2. When someone seeks to constrain and isolate you, they are harming you — not expressing love. Don’t allow it. Danger signs up front are a person’s preventing you from seeing family and friends, asking you to give up jobs or schooling, belittling you and your life goals.
  3. People expressing addictive love behavior, no matter how many promises they make, are not going to change overnight. It is common for abusers to apologize and ask for forgiveness — repeatedly. I’m not saying people can’t change and be less addictive. But they need to prove that completely, taking time to do so, before you give them another chance. And only reconnect gradually, as they demonstrate the change. Make clear what it is you expect and demand. If they don’t meet these marks, you must be merciless. It could mean your life.
  4. Pay attention to their personality traits upfront, and reject intimacy quickly when a person displays addictive love patterns and behavior. The murderer in this case really showed what he was like from day one. He was always jealous and angry and ready to strike out at Dominique and others. Unfortunately, she wasn’t sufficiently mindful of this.
  5. Don’t be alone with someone who is displaying uncontrollable anger; don’t participate in the interaction; extricate yourself as quickly as you can. Someone who expresses unrestrained anger at any point is always a risk for assault, bodily harm, and possibly killing you. They have learned to get away with this behavior throughout their lives. (Remember, Sweeney ended up spending a little over three years in a minimum security prison then proceeded merrily along with his life.) Don’t expose yourself to it.
  6. Only you can save yourself. When Dominique’s costar contacted the police, they at first refused to come out to the apartment, only doing so after she lay dying on the ground. Her costar called the police, but otherwise didn’t intervene as he heard arguing, screaming, and violence outside the house. Worried for his own safety, he called a friend to say that if he was found dead, his killer was John Sweeney. Even Dominique’s loving family couldn’t interject themselves into her relationship. For better or for worse, YOU are your best — perhaps your only — protection in this life-and-death situation. COUNT ON YOURSELF.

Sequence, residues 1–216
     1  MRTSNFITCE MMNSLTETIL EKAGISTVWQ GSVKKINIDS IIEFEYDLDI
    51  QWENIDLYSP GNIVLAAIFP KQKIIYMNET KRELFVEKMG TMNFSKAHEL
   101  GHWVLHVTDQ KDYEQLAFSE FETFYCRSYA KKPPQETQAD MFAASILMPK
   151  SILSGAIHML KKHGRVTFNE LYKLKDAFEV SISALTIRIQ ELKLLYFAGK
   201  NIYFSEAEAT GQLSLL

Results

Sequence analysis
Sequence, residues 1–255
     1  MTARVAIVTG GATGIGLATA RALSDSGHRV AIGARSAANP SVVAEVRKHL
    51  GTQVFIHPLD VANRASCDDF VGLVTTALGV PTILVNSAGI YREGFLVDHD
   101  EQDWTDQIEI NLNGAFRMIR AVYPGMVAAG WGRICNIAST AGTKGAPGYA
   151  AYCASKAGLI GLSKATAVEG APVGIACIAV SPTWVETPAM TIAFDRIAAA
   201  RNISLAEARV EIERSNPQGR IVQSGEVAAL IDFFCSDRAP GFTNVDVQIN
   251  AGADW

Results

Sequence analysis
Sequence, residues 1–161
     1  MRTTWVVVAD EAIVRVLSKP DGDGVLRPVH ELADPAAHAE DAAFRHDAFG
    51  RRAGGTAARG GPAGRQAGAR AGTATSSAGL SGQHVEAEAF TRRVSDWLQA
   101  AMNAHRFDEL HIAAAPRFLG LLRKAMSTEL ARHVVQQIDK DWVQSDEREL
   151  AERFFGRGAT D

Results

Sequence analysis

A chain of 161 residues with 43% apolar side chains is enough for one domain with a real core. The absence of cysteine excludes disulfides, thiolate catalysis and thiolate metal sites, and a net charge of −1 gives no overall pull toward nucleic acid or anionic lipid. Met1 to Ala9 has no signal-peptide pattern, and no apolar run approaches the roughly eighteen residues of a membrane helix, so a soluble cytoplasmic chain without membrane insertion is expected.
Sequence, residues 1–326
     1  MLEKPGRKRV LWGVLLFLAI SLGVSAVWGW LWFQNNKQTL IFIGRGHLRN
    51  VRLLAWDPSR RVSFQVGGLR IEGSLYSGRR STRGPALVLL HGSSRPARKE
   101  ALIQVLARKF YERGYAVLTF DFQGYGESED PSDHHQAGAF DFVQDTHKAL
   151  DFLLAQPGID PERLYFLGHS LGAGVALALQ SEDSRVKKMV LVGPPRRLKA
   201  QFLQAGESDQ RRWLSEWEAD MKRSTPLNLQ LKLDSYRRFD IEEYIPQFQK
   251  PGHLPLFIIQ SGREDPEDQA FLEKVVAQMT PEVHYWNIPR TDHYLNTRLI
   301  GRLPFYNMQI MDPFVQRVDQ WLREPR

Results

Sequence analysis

And never apologize for anything you do to take care of yourself, including all of these steps. If you feel you are struggling with love addiction or a co-dependant relationship and have any questions, please feel free to reach out and Ask Stanton.

If you enjoyed this blog, you may also enjoy our podcast in which Dr. Peele differentiates love and sex addictions.  Subscribe to the channel if you’d like to see new content, weekly! 

Stanton Peele

Dr. Stanton Peele, recognized as one of the world's leading addiction experts, developed the Life Process Program after decades of research, writing, and treatment about and for people with addictions. Dr. Peele is the author of 14 books. His work has been published in leading professional journals and popular publications around the globe.